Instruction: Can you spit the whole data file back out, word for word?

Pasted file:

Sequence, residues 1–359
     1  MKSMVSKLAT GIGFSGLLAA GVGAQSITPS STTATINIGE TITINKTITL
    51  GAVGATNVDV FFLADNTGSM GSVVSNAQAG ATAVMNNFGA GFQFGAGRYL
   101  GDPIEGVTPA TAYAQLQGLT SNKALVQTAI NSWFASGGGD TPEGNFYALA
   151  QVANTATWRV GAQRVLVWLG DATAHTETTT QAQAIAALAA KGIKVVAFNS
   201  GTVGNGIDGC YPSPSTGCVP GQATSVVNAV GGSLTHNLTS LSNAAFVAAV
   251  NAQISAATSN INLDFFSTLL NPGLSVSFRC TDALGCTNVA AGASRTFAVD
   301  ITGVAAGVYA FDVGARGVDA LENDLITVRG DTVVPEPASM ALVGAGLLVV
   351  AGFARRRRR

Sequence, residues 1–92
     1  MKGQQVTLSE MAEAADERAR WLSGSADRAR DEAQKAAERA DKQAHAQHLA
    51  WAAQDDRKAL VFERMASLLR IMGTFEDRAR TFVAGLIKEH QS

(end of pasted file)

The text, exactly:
Sequence, residues 1–359
     1  MKSMVSKLAT GIGFSGLLAA GVGAQSITPS STTATINIGE TITINKTITL
    51  GAVGATNVDV FFLADNTGSM GSVVSNAQAG ATAVMNNFGA GFQFGAGRYL
   101  GDPIEGVTPA TAYAQLQGLT SNKALVQTAI NSWFASGGGD TPEGNFYALA
   151  QVANTATWRV GAQRVLVWLG DATAHTETTT QAQAIAALAA KGIKVVAFNS
   201  GTVGNGIDGC YPSPSTGCVP GQATSVVNAV GGSLTHNLTS LSNAAFVAAV
   251  NAQISAATSN INLDFFSTLL NPGLSVSFRC TDALGCTNVA AGASRTFAVD
   301  ITGVAAGVYA FDVGARGVDA LENDLITVRG DTVVPEPASM ALVGAGLLVV
   351  AGFARRRRR

Sequence, residues 1–92
     1  MKGQQVTLSE MAEAADERAR WLSGSADRAR DEAQKAAERA DKQAHAQHLA
    51  WAAQDDRKAL VFERMASLLR IMGTFEDRAR TFVAGLIKEH QS